The dependency on China was evident when in 2013, Chinese financing covered USD$3.8 billion of its financing needs, with options available for up to 90 per cent of Ecuador's future oil shipments in return. Much of its oil supply was locked up in presale loans earmarked for China, who then profitably resold to other countries.

This has been further complicated by corruption and poor contractual terms. As a result, Ecuador committing to deliver 1,325 million barrels of oil until 2024 to China, five times more oil than what was required to cover the debt. This was a clear instance of debt-trap diplomacy. With Ecuador facing debt repayment issues, China restructured loans by reducing payments, and negotiated a new price formula for its crude oil. Nonetheless, its large debt has meant that Correa’s unpopular plan to drill the Yasuni National Park to guarantee crude oil for PetroChina has become a reality. In the end, Ecuador still risks another debt default, this time with China.

In the case of Venezuela, China is in a credit trap. Venezuela has been unable to maintain its oil production capacity. With production falling from 1.5 million barrels per day in 2018—a decrease of more than 50% below 2006 levels—and corruption diverting profits, timely payments have been difficult. To work around the US imposed sanctions, transporting oil to China has been outsourced to a defence firm, with limited global financial exposure.

This situation has left China in a lose-lose situation. It could abandon its investments in Venezuela, writing off USD$60 billion in loans, or to continue its investing money in a sinking ship. Even after the 2014 fall in oil prices, China continued to loan more money to Venezuela. It invested USD$20 billion to assist with the economic slump caused by the further drop in 2015, a two-year debt moratorium in 2016, and another USD$5 billion in 2018 to help boost oil production. Its policy of non-intervention makes it difficult for the Chinese government to enforce stricter requirements, such as economic reform.

Venezuela and Ecuador have offered a lesson for China. Resource-backed loans were not enough to overcome challenging lending conditions. Even within the region, China has significantly slowed its lending. At its peak in 2010, Latin America received USD$35.1 billion, and more recently in 2015, USD$21.3 billion. In 2022, only three countries—Brazil, Guyana, and Barbados—have new Chinese loans, amounting to a mere USD$813 million.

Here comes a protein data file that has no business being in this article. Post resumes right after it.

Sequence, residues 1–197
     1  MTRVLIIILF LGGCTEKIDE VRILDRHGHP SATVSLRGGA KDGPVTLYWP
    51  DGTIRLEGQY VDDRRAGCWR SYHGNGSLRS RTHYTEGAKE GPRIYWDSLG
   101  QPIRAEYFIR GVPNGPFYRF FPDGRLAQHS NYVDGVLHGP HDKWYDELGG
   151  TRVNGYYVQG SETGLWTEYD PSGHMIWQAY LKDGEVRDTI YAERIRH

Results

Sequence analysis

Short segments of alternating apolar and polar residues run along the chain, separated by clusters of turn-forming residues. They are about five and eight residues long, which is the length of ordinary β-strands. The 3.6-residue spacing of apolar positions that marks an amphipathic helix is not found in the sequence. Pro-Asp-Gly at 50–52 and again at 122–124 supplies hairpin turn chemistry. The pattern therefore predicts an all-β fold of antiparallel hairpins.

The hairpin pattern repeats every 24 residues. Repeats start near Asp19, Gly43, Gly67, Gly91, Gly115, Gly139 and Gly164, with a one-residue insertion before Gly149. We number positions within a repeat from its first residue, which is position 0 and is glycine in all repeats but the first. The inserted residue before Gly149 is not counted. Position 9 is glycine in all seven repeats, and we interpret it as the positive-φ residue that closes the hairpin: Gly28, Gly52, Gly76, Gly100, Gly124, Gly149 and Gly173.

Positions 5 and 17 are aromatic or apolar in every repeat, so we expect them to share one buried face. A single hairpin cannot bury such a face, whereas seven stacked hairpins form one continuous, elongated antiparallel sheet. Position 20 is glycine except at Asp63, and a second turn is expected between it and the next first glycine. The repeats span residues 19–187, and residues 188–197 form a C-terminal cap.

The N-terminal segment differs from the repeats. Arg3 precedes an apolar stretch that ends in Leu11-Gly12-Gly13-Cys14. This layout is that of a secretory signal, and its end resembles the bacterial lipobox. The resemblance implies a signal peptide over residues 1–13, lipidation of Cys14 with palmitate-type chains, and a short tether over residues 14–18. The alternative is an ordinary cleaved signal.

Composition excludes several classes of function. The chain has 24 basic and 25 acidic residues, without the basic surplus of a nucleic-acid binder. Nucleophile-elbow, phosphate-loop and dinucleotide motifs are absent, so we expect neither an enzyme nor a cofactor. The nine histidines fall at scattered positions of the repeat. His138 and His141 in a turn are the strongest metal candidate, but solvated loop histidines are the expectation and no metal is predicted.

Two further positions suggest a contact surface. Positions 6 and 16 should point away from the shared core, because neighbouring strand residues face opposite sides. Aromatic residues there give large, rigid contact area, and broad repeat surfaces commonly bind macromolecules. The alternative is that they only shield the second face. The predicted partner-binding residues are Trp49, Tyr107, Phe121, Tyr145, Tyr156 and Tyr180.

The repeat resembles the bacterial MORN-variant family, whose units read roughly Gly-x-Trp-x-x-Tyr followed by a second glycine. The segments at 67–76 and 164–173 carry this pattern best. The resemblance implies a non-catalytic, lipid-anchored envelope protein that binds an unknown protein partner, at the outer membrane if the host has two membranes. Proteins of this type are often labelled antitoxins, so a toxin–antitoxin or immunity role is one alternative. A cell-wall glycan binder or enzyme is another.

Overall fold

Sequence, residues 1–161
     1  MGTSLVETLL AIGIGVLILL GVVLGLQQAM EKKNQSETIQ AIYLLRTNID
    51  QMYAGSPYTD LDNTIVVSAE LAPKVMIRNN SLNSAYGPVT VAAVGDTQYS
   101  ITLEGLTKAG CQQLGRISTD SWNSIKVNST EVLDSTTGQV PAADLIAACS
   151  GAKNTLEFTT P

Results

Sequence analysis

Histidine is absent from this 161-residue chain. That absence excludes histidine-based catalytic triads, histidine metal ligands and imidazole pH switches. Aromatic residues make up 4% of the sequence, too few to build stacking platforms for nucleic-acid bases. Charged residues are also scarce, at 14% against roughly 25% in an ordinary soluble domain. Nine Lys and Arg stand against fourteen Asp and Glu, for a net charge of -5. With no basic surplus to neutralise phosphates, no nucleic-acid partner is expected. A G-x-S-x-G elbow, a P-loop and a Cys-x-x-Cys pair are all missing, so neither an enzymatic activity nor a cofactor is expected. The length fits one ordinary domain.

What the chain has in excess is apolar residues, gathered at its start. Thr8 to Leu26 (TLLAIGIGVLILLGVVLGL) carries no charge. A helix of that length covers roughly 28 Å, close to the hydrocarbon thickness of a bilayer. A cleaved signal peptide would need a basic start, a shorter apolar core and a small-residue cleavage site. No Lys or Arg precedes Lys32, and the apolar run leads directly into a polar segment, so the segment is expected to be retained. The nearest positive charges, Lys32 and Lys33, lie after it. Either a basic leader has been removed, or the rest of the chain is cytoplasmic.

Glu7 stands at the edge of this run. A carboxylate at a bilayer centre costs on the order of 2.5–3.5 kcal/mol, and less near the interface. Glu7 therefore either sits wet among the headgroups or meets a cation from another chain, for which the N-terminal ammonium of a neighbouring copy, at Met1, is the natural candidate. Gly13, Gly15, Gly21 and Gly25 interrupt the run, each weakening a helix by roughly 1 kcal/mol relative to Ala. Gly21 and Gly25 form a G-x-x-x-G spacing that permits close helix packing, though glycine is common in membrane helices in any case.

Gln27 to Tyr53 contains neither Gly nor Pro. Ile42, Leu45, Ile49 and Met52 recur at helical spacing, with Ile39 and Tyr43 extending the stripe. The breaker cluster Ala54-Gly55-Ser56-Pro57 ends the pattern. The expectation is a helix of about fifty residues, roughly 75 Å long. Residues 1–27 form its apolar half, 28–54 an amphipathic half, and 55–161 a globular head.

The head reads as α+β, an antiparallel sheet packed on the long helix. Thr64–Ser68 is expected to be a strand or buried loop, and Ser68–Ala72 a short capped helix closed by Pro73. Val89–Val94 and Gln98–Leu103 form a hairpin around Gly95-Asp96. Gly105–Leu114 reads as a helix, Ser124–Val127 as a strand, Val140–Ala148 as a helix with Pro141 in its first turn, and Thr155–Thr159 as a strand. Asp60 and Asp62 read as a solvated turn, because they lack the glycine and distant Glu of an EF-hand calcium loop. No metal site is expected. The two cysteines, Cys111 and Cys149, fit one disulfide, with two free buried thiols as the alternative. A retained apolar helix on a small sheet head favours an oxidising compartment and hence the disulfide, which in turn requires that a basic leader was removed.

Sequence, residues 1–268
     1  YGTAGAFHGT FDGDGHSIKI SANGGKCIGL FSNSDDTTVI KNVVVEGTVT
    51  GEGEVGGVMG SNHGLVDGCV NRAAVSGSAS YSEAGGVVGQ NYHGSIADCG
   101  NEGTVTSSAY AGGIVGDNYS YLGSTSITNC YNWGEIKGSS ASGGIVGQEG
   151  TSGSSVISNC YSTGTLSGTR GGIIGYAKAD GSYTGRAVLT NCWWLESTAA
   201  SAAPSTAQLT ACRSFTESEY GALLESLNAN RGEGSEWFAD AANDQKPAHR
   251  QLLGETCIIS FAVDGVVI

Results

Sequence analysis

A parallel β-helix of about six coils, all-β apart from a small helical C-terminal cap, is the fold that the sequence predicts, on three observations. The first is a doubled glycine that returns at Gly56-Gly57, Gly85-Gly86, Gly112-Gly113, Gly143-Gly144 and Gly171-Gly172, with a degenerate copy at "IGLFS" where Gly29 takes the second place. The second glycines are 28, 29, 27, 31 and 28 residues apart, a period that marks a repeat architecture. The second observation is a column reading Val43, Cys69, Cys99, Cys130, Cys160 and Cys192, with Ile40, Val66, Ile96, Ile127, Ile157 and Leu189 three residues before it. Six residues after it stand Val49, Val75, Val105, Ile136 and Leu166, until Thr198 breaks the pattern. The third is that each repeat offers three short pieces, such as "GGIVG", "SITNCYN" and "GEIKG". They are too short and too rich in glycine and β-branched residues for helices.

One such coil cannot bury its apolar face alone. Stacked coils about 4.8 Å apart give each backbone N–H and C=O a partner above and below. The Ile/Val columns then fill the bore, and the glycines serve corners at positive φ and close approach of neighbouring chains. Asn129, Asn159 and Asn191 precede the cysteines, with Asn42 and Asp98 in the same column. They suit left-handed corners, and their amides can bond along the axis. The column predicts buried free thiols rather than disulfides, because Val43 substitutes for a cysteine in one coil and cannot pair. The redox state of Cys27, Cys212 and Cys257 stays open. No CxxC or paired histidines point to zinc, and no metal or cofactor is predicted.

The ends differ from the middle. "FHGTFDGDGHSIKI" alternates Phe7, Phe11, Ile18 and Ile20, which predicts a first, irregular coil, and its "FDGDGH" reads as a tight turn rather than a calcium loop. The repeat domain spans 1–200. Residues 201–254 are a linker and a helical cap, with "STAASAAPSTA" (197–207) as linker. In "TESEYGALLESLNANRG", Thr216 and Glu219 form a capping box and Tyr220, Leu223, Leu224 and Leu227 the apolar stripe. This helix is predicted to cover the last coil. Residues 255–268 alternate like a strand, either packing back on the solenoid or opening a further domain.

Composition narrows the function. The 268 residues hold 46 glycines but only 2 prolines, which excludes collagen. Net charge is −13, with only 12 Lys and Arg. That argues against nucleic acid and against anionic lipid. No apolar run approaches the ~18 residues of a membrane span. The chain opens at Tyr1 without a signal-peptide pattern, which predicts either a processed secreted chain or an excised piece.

In general, China has moved towards commercial loans to fund its company’s projects in the region, and generally rethinking its approach towards lending in the emerging world. Beyond debt-trap diplomacy, China is now on a new trajectory, lending in a more focused manner to friendly neighbours and less risky countries in the region.

Marina Daley is the Latin America Fellow for Young Australians in International Affairs. She holds a Master of International Relations from the University of Melbourne.

Having completed an internship with the Peru-Australia Chamber of Commerce and a sustainability consultancy in Buenos Aires, Argentina, she was able to gain relevant local experience in Latin American affairs. She also has a keen interest in sustainability and climate change, as a past member of the Youth Advisory Committee at AMP Limited and through an internship in climate change and sustainability with EY. Marina is excited to combine her many areas of focus to explore key themes and challenges of the region.